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Self Defence Tips for Women Travelling Alone

By: Beth Morrisey MLIS - Updated: 26 Aug 2010 | comments*Discuss
Women Martial Arts Self Defence Karate

Many women find travelling alone a frightening experience because they fear for their personal safety and do not know how to ward off or stay safe during an attack. By learning more about self defence, women who plan to travel alone can break through this fear and travel with confidence knowing that they can help to protect themselves should the need arise.

Warding Off an Attack

Women often do not realise that there is much they can do to make themselves unappealing victims for a would-be attacker. To begin, women can simply walk with confidence. This will help keep away attackers who tend to prey on women who seem weak or otherwise unlikely to put up resistance or create a scene. Women can also listen to their instincts. If they feel uncomfortable for any reason, women should change their route or leave an area. Women can ask for an escort if they feel uncomfortable being alone as well.

If they are taking public transportation, women can wait in well lit areas for a bus, ask a taxi driver for proper identification and stand well back from the tracks and under a light while waiting for a train. Women can also sit up front near the drivers of buses and trains and only sit in aisle seats so that they are never blocked in by a stranger. If women do feel that they are being followed or targeted then they can turn around and make eye contact with the person. This again conveys confidence as well as allows women to get a good look at a person which increases their chances of identifying and/or reporting this person later.

Safety During an Attack

If the worst does occur and a woman is attacked while travelling there is still much that she can do. Creating a scene is of the utmost importance. Women can scream “fire” to attract the attention of others, and “fire” is usually more likely to get others involved than “help”. Women should also put up a fight and hit, kick, punch and/or bite an assailant in one of the four most sensitive areas of the body – the eyes, the knees, the throat and the groin. If possible, women should also try to scratch an assailant or pull hair as these actions might recover DNA evidence that could be used against the attacker in the future. Whatever happens, women should not willingly move location with an assailant and instead fight as hard as possible to remain in the area of the initial confrontation.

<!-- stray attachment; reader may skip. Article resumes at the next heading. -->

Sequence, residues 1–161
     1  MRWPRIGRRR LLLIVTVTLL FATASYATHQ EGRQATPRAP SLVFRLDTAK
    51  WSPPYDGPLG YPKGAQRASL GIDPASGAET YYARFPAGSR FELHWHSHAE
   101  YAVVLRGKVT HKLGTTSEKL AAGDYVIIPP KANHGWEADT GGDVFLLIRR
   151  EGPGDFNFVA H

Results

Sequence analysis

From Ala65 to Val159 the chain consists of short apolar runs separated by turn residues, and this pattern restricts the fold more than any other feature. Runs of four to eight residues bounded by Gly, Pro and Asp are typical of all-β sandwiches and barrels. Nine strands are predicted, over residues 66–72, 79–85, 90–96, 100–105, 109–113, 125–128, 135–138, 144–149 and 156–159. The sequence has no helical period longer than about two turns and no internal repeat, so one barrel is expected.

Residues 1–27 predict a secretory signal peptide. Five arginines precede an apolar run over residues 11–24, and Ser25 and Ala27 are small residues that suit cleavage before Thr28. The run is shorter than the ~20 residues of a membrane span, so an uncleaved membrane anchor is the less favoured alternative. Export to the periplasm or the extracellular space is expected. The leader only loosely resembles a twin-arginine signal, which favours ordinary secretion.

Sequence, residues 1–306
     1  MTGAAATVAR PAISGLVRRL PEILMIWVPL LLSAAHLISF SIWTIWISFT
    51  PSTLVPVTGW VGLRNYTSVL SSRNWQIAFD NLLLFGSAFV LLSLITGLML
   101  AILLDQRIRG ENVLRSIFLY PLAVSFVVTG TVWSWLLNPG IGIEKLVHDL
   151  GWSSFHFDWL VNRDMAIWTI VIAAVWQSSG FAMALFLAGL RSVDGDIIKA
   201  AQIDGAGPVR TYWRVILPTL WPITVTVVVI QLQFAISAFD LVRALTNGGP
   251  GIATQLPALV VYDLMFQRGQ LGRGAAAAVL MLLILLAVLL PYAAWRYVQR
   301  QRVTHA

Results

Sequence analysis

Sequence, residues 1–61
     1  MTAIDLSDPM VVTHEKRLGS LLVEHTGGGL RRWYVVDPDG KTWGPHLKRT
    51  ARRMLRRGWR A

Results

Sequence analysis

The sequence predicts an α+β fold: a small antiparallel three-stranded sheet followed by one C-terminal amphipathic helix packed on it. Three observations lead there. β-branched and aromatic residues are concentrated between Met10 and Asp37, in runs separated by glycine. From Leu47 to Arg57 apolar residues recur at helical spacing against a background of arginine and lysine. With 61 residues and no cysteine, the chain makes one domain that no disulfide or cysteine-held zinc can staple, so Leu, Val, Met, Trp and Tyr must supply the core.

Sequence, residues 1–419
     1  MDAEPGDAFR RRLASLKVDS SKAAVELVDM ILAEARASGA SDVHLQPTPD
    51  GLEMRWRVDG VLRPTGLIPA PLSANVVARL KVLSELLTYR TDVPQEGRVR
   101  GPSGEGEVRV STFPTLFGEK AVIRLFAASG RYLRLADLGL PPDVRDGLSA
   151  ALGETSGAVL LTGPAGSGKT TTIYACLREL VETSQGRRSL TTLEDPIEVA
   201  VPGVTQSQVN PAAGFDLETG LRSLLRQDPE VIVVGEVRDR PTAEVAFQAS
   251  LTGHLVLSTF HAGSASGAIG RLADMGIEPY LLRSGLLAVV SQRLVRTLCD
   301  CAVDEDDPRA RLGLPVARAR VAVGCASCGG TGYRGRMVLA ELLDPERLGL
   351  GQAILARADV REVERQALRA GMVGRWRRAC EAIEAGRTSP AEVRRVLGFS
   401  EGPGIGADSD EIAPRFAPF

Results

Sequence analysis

Reporting an Attack Abroad

Women who are attacked abroad must report the crime to the local authorities. Women can always feel free to ask to speak with a female officer or for the help of a translator and these requests are usually fulfilled as long as such officers are available. Women might also consider contact their nearest consulate or embassy to find out more about laws and justice systems in the country of the attack and if they need to do anything else to help track down or prosecute the attacker.

Knowing the basics of self defence is critical for all women. Before travelling many women might find it useful to attend crime prevention workshops or to engage in martial arts such as karate which will make them more confident in their physical abilities. While travelling, women should always remain vigilant and listen to their instincts regarding personal safety as well as fighting back during an attack and reporting an attack after it occurs.

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